Cruise has started to test fully-autonomous vehicles in San Francisco without a human safety driver behind the wheel.
The company has been granted permission to test five of its autonomous prototypes on select streets throughout the bustling city. These vehicles cannot exceed 30 mph (48 km/h) and are not permitted to operate in heavy rain or heavy fog.
“Getting to driverless in SF took more than five years of rigorous testing, over 2 million miles of driving in one of the craziest driving environments, together with hard work from a huge team of dedicated engineers and others across Cruise, as well as at GM,” Cruise chief executive Dan Ammann said. “And not to mention several billion dollars of investment along the way.”
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The Verge reports that the driverless test vehicles must have a Cruise employee in the passenger seat and are equipped with an emergency switch in the center console in the event of something going wrong. Additionally, the autonomous prototypes are monitored remotely by Cruise employees.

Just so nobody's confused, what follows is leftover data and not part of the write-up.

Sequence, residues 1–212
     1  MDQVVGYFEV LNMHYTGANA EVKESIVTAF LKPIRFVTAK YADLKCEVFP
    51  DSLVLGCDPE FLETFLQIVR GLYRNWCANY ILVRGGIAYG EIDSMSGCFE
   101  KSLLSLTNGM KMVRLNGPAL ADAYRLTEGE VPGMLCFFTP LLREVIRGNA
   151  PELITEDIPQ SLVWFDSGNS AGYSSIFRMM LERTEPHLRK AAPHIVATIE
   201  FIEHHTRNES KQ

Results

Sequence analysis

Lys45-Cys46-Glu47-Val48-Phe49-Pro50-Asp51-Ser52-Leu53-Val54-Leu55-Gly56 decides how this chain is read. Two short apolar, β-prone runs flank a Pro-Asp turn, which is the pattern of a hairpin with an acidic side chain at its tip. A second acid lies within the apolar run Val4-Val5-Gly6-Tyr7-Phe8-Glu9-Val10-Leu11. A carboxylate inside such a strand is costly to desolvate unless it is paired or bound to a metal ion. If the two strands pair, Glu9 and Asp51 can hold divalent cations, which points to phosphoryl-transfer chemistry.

Cruise continues to use all-electric Chevrolet Bolt models in its fleet of prototypes, but in January, it unveiled the Cruise Origin, a self-driving vehicle that lacks any traditional controls like a steering wheel and pedals. General Motors intends on building the Origin at its Detroit-Hamtramck plant, but it remains uncertain if prototypes of it will replace the Bolts currently testing through the streets of San Francisco.